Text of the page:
In 2014 Russia inducted the most advanced derivatives of its Su-27 ‘Flanker’ heavy fighter into service, the '4++ generation' Su-35 air superiority fighter and the Su-34 strike fighter. These aircraft demonstrated significantly superior capabilities compared to the original design that had entered service 29 years prior. The Su-35 in particular has since gained considerable attention abroad, both from the Western Bloc, which have met its induction with much apprehension due to its sophistication, and a number of third parties, many of them Western aligned, which have sought to acquire the advanced jet for their own air fleets. While the Su-35 was hailed as the epitome of the Flanker design, one which would serve the Russian Air Force in the interim unit the Su-57 fifth generation air superiority fighter was fully combat ready, the nature of the Su-57 as primarily a sixth generation fighter design, one unlikely to enter service in considerable numbers for over a decade until further technologies are developed, means that the Flanker airframe will be heavily relied on for many years to come.
As capable as the Su-35 is, the platform retains considerably room for further improvement with next generation technologies to allow it to better contend with the elite fifth generation fighters fielded by rival powers - namely the U.S. F-22 Raptor and Chinese J-20. There remains a significant possibility that further Flanker variants will be developed based on the Su-35 design, both to enhance Russia’s aerial warfare capabilities and for export. One prominent technology which future Flankers may integrate is stealth, with India and the United Arab Emirates both showing interest in acquiring a Russian stealth fighter based on existing technologies. Much like Boeing modified the F-15E into the F-15SE Silent Eagle, a variant of the heavy fighter with some limited stealth capabilities, so too could the Su-35 potentially be modified to provide frontal stealth - most likely under a new designation such as Su-42.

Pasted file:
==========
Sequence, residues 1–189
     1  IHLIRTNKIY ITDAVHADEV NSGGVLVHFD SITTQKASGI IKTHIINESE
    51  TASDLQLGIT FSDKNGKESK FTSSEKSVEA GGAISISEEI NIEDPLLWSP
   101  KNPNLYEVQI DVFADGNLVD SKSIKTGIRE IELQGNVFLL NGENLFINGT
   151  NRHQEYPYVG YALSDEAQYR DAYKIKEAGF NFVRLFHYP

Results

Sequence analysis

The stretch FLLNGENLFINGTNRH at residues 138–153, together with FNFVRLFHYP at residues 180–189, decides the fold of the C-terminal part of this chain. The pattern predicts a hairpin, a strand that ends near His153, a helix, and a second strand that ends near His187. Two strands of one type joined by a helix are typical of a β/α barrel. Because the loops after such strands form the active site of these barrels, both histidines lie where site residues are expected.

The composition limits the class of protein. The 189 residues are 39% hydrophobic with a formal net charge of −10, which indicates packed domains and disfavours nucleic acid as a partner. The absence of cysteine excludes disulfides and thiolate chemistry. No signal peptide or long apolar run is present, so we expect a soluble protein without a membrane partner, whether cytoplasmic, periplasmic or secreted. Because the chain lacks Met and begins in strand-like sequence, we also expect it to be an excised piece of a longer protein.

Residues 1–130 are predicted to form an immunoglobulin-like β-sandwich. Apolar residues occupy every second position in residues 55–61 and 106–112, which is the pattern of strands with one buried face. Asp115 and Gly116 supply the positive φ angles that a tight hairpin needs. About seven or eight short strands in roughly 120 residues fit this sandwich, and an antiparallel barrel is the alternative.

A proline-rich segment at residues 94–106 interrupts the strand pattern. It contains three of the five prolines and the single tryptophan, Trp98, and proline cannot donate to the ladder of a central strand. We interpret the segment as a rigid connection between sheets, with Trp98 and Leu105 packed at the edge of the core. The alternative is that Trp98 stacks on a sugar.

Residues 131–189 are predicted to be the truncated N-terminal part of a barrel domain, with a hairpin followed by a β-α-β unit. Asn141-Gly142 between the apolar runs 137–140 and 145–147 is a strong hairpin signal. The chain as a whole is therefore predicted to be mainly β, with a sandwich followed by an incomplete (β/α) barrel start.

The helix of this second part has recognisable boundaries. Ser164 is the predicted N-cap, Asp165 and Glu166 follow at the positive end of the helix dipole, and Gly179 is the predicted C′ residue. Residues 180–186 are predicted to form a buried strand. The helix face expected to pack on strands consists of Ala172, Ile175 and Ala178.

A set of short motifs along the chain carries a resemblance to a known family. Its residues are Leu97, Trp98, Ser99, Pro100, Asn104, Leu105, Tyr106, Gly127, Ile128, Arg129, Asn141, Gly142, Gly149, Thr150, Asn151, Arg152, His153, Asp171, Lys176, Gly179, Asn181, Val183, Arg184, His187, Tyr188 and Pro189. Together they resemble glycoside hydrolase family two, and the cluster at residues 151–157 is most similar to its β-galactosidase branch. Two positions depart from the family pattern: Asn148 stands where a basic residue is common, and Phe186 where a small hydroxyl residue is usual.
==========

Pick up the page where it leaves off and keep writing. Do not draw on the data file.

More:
While stealth technologies could well make the Flanker attractive for export, Russian doctrine traditionally has not put a strong emphasis on such capabilities. A number of other next technologies developed for the Su-57, which are currently being integrated onto the MiG-35 light fighter, are more likely to see service on a future Flanker design used by the Russian Air Force. Perhaps the two most prominent fifth generation technologies likely to be used by the MiG-35 to make it a capable next generation fighter, which the Su-35 itself lacks, are an active electronically scanned array (AESA) radar, which allow the fighters to operate with a considerably reduced radar signature, and new missile platforms designed for the Su-57 which the high end fourth generation platforms are set to integrate. The K-77 air to air missile, with a 193km range and cutting edge active phased array antenna (APAA) technologies for unprecedented levels of precision even at extreme distances, is but one example - considerably more sophisticated than the less accurate R-77 and even the R-27ER, the most capable long range air to air missiles deployed by the Su-35 and older fighters with ranges of 110km and 130km respectively. The Kh-38M and Kh-36 Grom cruise missiles, designed for the Su-57 and MiG-35, can also potentially be deployed by a new Flanker variant in future. More advanced thrust vectoring technologies similar to those employed by more modern fighters are also likely to be used by a new Flanker variant. More advanced infra red search and track (IRST) systems developed for the Su-57 could also potentially be integrated onto the new platform.
Much as China’s J-11D ‘4++ generation’ air superiority fighter is set to deploy cutting edge fifth generation technologies, including PL-15 and PL-12D missiles designed for the J-20, so too is Russia likely to induct new Flanker variants making use of more sophisticated systems than the Su-35 currently does. A new Flanker equipped with the latest radar and infra red sensors, air to air missiles and cruise missiles as well as updated avionics would very likely be one of the world’s most capable fighters - with an export variant potentially deploying stealth technologies. With the designations Su-37 and Su-39 already taken by a prototype air superiority fighter and an advanced attack jet respectively, Su-40 or Su-41 could be potential designations for the new Flanker variant. Ultimately while the Su-35 is a capable fighter, more sophisticated technologies have been developed since its design was finalised and continue to be improved on for the Su-57. Given the relatively low cost of a more advanced Flanker variant, both to maintain and to develop, and the reliability and versatility of the airframe, induction of a new more advanced Flanker variant surpassing the Su-35 in its air superiority capabilities remains likely.